While transparency has always been a cornerstone for building and maintaining great workplace culture, transparency has without a doubt become a top priority in this pandemic. Employees who are disgruntled by poor management are likely to leave their jobs, including their top talents, and that’s why operators must communicate openly with their staff. For example, discuss with your employees and new policies or changes in the business before they happen; let employees know when you’re expecting a busy week, so they can be prepared for what’s to come. Operators can also set up text and email threads or even intranet hubs with regular updates about the business and resources for employees who need help (10). According to Powills, these small steps “will advance idea generation and empower teams to work proactively, rather than defensively, to face their challenges” (10).
Raise Your Value
Consider the value your business gives to its employees. For employees, a good job is one where their needs are met and are catered to. A great one is one that gives them ways to develop as better workers and versions of themselves, “one they can’t get anywhere else” (11).
Employee retention increases when your business’s value increases. Giving new opportunities to your team members and supporting their professional growth will increase this value and increase the likelihood of your best talents sticking with you long term. For example, gotlanded.com surveyed 1,000 job candidates and found that 29% of the interviewees prioritized learning and growth opportunities, while salary came at 23 percent and location at 20 percent (12).
According to Vivian Wang from QSR Magazine, operators who wish to retain employees long-term should “think carefully about growth opportunities even if candidates are applying for an entry-level, minimum-wage job, and building career progression into all roles” (13). “This is exactly how Ricky Girardi, previously director of HR and Training at a Chick-fil-A franchise, approached it,” Wang said. He helped reduce employee turnover from almost 200 percent to less than 50 percent in just 16 months by recruiting more thoughtfully and building an environment that promoted employee retention (13). “This involved him bringing in good talent even if they had low availability, being open to hiring younger staff that they could cultivate into long-term employees, and giving existing team members plenty of opportunities to take on more responsibility.”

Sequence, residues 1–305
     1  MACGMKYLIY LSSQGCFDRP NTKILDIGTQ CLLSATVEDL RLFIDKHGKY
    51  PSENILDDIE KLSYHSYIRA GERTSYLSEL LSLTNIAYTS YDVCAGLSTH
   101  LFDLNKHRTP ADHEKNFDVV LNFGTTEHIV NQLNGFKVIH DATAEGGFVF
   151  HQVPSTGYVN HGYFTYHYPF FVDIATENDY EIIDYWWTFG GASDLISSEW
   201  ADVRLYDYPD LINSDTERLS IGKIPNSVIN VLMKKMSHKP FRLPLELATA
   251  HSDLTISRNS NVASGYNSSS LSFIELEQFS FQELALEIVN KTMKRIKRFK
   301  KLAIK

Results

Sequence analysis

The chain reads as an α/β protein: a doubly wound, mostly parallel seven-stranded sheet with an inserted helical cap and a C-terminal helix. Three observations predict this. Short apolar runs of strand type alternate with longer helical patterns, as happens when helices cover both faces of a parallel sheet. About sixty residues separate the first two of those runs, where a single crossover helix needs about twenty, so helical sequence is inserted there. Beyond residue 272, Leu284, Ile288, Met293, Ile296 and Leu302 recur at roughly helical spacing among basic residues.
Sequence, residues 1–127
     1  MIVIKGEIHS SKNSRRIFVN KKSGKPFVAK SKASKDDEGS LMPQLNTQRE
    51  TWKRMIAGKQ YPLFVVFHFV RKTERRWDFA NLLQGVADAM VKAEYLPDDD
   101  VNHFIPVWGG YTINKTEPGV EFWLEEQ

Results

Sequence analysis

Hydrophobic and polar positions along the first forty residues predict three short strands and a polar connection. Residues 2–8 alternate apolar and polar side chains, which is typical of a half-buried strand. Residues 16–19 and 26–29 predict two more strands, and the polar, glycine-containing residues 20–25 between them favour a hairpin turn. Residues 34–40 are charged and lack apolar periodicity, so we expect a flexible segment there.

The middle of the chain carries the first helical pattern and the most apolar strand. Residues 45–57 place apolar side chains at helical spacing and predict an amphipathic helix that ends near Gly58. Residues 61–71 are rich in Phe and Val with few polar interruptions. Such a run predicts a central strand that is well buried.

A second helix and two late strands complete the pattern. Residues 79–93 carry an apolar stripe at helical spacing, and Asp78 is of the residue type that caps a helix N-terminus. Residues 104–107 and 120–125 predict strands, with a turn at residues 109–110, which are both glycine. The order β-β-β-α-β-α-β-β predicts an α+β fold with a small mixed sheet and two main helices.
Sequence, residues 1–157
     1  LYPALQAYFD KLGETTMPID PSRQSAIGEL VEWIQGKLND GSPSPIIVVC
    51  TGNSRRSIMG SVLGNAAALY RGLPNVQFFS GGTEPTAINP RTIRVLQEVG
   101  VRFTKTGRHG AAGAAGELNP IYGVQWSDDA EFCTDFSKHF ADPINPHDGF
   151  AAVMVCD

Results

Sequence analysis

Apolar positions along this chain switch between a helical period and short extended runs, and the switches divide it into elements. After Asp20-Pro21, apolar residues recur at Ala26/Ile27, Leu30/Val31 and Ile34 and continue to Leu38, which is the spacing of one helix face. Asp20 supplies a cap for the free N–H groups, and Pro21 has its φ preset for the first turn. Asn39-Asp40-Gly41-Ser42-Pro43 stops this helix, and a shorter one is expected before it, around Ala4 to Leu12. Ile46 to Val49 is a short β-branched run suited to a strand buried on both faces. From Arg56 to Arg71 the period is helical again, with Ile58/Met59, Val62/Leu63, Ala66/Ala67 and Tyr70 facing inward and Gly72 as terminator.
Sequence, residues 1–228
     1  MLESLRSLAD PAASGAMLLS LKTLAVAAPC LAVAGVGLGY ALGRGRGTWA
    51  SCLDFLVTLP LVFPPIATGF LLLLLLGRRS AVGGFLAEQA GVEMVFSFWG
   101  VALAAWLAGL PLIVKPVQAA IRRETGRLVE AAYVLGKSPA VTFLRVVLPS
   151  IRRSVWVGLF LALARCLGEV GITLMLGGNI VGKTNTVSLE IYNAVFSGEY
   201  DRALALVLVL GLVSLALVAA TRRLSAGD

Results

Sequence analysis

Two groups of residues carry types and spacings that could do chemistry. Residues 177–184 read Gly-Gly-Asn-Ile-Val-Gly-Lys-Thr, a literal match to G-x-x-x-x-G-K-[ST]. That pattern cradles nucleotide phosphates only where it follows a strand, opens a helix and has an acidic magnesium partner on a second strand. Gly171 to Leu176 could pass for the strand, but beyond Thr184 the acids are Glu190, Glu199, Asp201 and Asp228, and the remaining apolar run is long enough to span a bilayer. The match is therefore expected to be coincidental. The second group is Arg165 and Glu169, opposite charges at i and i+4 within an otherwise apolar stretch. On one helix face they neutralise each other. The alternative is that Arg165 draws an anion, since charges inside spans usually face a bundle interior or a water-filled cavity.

The second-best strategy to increase your business’s value and reduce employee turnover, not surprisingly, is increasing wages. For example, Upserve’s data team pulled the numbers from their 10,000+ customer database and found that employee turnover was lowest in states with a higher minimum wage (14). In one of their articles, “8 Ways to Reduce Staff Turnover in the Restaurant Industry,” Stephanie Resendes, Upserve’s Content Marketing Coordinator, argues that a raise is cheaper than financing restaurant turnover in the long term.
Good workplace culture
Finally, create a positive workplace culture. Research shows that having your team composed of staff whose personality and values align with that of the business are happier and more productive (16). It is this link between employee happiness, engagement, and productivity that lowers turnover and produces profit, and there are many additional benefits to a well-established workplace culture that help cultivate a unique restaurant identity, engage employees and attract customers (17). You can read more about what work culture is and how you can make a great one in our previous blog article here (17).
Your employees are one of your business’s greatest assets. They form the foundation of your brand and contribute much more than their hours by dedicating their abilities, knowledge, and experience to the business. While retaining employees takes effort and hard work, it is important to recognize that it is far easier and costs less to retain an employee than hiring and training a recruit. Consider ways to increase your business’s value to your employees and cultivate a positive workplace culture that supports their well-being and growth. Not only will you see an impact in lowering turnover rates, but you’ll also most likely find your business reaping profits when your workers are more engaged and productive.